15 System call algorithm Determine the file properties –Determine If the file is an executable. –Determine if the user has permissions. –Determine the file’s layout. Copy exec arguments to system space. Detach old memory regions. Allocate new regions. Copy exec arguments.

16 Exec example If((pid = fork()) < 0) error; if (pid== 0 ){ exec( arguments ); exit(-1); } // parent continues here

17 fork/wait/execv Example #include using namespace std; int main() { int x = 42; pid_t pid; if ((pid = fork()) < 0 ) exit(1); if(pid != 0) { int status; cout << "Parent process. x=" << x << endl; wait (&status); } else { cout << "Child process. x=" << x << endl; char* args[] = {"ls", NULL}; execv ("/bin/ls", args); cout << "Never reached" << endl; } return 0; }

18 The Shell Bach 7.8 The shell read a command line from STDIN and execute. The shell has to main commands: –Internal commands. (cd) –External commands. (cp) External commands may run foreground/background.

19 Signals Bach 7.2 Signals are notifications sent to a process in order to notify the process of events. –Kernel. –Processes (system call kill) The kernel send a signal by setting a bit in the field of the process table entry. A process can remember different types of signals, but not the number of signals from each type.

20 Sending Signals Using the keyboard: –Ctrl-C: Causes the system to send an INT signal ( SIGINT ) to the running process. Using shell kill command: –The kill command has the following format: kill [options] pid

21 Handling Signals The kernel handles signals in the context of the process that receives them so process must run to handle signals. There are three case for handling signals: –The process exits. (default action) –The process ignores. –The process execute particular function. oldfun = signal(signum,newfun);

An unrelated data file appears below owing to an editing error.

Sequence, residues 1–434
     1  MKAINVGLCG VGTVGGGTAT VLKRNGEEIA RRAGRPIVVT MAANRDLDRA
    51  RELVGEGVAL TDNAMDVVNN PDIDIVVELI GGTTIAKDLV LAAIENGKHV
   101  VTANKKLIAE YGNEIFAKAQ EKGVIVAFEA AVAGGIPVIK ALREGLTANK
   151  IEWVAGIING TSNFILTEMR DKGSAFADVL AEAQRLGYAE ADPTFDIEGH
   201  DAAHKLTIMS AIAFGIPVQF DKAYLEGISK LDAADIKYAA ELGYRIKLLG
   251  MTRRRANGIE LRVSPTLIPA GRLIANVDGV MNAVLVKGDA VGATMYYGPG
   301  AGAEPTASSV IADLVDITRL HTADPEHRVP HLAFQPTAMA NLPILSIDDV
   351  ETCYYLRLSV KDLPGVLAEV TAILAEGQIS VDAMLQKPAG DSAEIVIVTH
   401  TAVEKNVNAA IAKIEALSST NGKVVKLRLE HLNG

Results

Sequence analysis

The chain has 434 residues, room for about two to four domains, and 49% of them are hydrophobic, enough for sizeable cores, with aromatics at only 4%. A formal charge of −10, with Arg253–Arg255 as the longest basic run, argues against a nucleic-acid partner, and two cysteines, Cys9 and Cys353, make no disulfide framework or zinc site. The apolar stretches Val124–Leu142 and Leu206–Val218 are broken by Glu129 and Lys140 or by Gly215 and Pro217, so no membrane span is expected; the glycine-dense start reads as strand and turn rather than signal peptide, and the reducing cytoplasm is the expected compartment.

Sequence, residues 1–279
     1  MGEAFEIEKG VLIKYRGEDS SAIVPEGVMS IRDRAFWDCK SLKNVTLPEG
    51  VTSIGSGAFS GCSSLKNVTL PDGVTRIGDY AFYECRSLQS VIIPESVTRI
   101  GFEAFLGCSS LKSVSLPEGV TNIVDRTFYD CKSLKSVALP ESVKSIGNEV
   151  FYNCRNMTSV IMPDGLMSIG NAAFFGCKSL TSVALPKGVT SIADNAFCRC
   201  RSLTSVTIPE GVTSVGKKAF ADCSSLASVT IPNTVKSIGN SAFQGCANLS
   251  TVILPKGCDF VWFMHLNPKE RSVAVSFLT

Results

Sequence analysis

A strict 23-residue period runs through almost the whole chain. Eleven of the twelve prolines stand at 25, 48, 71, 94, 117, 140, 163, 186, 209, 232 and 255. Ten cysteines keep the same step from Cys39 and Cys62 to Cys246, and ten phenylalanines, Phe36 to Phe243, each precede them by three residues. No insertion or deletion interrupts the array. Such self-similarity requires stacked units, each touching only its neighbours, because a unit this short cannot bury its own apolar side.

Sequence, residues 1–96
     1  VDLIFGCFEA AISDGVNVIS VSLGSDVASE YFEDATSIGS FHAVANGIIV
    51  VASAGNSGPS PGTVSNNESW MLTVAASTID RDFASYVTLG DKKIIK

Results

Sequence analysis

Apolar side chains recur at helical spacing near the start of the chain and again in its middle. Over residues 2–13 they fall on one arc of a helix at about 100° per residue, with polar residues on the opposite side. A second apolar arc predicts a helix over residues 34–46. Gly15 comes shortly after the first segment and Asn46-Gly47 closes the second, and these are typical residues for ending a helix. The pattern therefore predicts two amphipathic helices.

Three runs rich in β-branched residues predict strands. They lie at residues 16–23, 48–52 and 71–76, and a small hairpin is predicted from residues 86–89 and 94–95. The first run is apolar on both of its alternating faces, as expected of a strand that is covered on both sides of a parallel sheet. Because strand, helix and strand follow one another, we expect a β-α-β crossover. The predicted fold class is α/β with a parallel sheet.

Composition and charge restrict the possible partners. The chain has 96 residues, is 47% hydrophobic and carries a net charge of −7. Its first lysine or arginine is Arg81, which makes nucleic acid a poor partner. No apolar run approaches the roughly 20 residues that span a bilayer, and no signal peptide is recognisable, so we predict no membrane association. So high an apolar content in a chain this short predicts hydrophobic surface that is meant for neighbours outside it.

22 Non-Catchable Signals Most signals may be caught by the process, but there are a few signals that the process cannot catch, and cause the process to terminate. –For example: KILL and STOP. If you install no signal handlers of your own the runtime environment sets up a set of default signal handlers. –For example: The default signal handler for the TERM signal calls the exit(). The default handler for the ABRT is to dump the process's memory image into a file, and then exit.

23 Summary 1.Each signal may have a signal handler, which is a function that gets called when the process receives that signal. 2.When the signal is sent to the process, the operating system stops the execution of the process, and "forces" it to call the signal handler function. 3.When that signal handler function returns, the process continues execution from wherever it happened to be before the signal was received, as if this interruption never occurred.

24 Signal Handlers - Example #include void catch_int(int sig_num) { signal(SIGINT, catch_int); //install again! printf("Don't do that\n"); fflush(stdout); } int main(int argc, char* argv[]) { signal(SIGINT, catch_int); for ( ;; ) pause();//wait till receives a signal. }

25 Avoiding Signal Races - Masking Signals The occurrence of a second signal while the signal handler function executes. –The second signal can be of different type than the one being handled, or even of the same type. The system also contains some features that will allow us to block signals from being processed. –A global context which affects all signal handlers, or a per-signal type context.